When I started this blog, I was clear about one thing — that is to never write to about economy, cricket, politics or movies. i wanted to only write about what i feel about life in general at a personal level.
But, last week, when Dravid said good bye to the cricketing world, I couldn’t help feeling sad and as a result, ended up writing this post. But let me try to write about Dravid, the great man and not Dravid, the Great Batsman (not that I know him personally…but I always feel I know him.)As you must have noticed by now, every article on Dravid invariably mentions how he was overshadowed by other greats for most of his career, how he somehow ended up getting lesser credit than other greats.
For some reason, we Indians are hardwired to like sensation, masala, breaking news and some form of action and we are comfortable with simplicity and really don’t bother about peeling the layers. But thats exactly where Dravid’s greatness can be found–under the layers. Be it, seeing off the seam/swing of the new ball and setting other batsmen the platform or be it taking up extra burden without even making a fuss about sacrificing.
1) Movies where a Rajini or Amitabh emerges out of dust to become a millionaire and take on villians or a Tom cruise spoiling a Nuclear attack attempt — (equivalent to Sachin taking on australian attack in the Sharjah desert or taking on Shoaib Akhtar/wasim/waqar in World cup Quarter finals or a Sehwag scoring triple century)
2) Movies where the hero is super talented, but lazy and just having fun, then a real challenge comes up and he realizes the importance of the challenge and raises to the occasion, proves his worth (Read Laxman’s 281 in Kolkata or a Yuvraj belting 6 sixes).
3) Then we have some new cute love stories where all hero needs to do at the end of the movie is ride a bike/horse and confess his love for the heroine who is at the airport leaving for the US or sitting in “shaadi ka Mandap”, about to be married to someone else. (Rainas/Dhonis playing cute little knocks to steer India home)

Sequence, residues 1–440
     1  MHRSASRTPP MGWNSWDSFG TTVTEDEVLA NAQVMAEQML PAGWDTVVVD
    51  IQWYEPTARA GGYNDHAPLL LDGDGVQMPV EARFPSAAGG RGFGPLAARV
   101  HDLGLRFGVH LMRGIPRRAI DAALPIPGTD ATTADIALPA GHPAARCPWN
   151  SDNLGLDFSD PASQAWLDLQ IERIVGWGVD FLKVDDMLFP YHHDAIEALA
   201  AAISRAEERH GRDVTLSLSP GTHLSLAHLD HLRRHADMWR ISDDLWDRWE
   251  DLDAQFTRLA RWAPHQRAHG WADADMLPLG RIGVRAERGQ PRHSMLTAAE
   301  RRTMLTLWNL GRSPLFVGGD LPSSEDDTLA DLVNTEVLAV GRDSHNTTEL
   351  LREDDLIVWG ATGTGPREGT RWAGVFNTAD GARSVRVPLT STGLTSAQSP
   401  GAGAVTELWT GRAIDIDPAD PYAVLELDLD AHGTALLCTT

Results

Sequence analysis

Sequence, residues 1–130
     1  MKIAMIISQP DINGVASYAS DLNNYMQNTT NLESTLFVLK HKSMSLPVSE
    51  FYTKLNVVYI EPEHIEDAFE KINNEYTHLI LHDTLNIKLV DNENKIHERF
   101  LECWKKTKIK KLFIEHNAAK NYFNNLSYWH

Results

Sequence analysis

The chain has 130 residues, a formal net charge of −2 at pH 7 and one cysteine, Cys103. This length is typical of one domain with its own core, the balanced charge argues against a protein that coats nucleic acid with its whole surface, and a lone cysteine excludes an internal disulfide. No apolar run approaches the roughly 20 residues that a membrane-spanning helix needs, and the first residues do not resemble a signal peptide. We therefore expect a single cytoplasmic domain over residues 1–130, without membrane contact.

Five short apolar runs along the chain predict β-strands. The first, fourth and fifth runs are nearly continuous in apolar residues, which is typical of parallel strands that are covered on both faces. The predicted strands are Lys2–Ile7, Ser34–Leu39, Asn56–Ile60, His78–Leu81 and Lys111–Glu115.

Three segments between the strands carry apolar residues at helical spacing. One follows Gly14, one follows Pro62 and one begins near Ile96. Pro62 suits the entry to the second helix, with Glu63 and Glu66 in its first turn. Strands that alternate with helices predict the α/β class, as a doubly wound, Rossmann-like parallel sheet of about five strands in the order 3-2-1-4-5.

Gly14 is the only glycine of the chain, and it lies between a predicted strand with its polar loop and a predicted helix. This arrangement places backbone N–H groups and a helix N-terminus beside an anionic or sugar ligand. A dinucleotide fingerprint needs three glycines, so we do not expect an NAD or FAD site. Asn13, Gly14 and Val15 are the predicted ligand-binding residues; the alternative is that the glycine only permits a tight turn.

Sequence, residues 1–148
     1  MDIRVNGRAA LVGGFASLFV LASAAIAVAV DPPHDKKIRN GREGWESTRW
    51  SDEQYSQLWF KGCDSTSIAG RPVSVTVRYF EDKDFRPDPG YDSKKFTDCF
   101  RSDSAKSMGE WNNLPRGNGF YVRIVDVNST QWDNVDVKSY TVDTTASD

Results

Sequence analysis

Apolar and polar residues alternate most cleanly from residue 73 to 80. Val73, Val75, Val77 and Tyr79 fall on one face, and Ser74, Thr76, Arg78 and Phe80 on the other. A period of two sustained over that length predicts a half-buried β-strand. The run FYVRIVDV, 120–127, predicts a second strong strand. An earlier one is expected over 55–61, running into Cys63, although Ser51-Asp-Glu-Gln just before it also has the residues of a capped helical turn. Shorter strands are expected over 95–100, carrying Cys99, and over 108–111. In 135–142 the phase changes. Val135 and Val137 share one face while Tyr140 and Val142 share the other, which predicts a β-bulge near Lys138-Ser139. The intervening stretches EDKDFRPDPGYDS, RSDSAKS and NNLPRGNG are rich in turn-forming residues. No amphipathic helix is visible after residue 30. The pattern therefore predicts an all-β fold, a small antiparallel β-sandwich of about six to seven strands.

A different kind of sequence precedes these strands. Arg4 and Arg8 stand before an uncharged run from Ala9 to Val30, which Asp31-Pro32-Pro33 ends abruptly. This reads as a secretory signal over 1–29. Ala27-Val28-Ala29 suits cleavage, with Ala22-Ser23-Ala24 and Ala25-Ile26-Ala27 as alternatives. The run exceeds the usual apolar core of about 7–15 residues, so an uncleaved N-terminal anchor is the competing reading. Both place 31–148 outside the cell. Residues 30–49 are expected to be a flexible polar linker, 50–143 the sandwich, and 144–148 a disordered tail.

We somehow are comfortable believing that a Hero has all the special skills required and the challenges come accordingly. Simply put, we accept that a “Hero” is someone different from general populace in terms of skills and talent.
The biggest problem with Dravid is he cannot fit into any of these categories. Not because he has no talent, but because he is much more than the above 3 categories.
He is more like the “Frodo Baggins” of “Lord of the Rings”. By this, I do not mean to say he is a dwarf or just a simple man with no special skills/talent. He does have exceptional skills when it comes to batting/fielding/keeping etc comparable to and arguably better than many other greats in cricket.
But his challenges, his matchups, his duels are much more than just batting. Just the way, Frodo had to struggle to keep his ego, greed, desires under control while carrying the ring, dravid’s challenges were as subtle as Frodo’s. He could have thrown away his wicket just after reaching 100 on numerous occasions, but he carried on knowing that the job was not done yet. He must have been tempted to play a careless shot many a times influenced by his other flamboyant team mates, but he resisted knowing that he needs to protect the batting line-up for anther 20 overs. He got opportunities to finish things in a grand style, but he knew a better, so-called “boring” way to do it, because he know that in Cricket, things can change quite quickly, sometimes not to your liking. When on crease, nothing would divert him till the task at hand is completed.
Just like Frodo who was not dithered by untreadable paths, but carried on even when his path was unclear and full of darkness, Dravid has carried on to show the light to other batsmen in the team, guiding them while batting on unknown tracks. Just like Frodo, Dravid was willing to give it his all for a bigger cause and was determined to take his team all the way.
Unlike other mainstream protagonists, Frodo’s journey was as much about the path as about the destination. Similarly, Dravid’s career is as much about his process as about the final score or the result. To understand Dravid, you just can’t see the score an the end of a day in a test match. You wouldn’t even know the number of deliveries that rocked his helmet or the number of menacing moments has had to withstand. You can’t just watch first 5-10 overs and come back at 45 overs and understand Dravid’s impact. you simply cannot. Even if you watch the 4/6’s package or even highlights.
It’s not like the first scene in Mission Impossible or the last fight in Robot. It’s “Lord of the Rings”. It’s “Lord of the Rings”. It’s about the journey and then a destination.
Thats why for me, he is the cricketing equivalent of “The Lord of the Rings”..be it the Lords, the Oval, the Adelaide, the Sydney or an Eden Ring. He’s the Lord of all.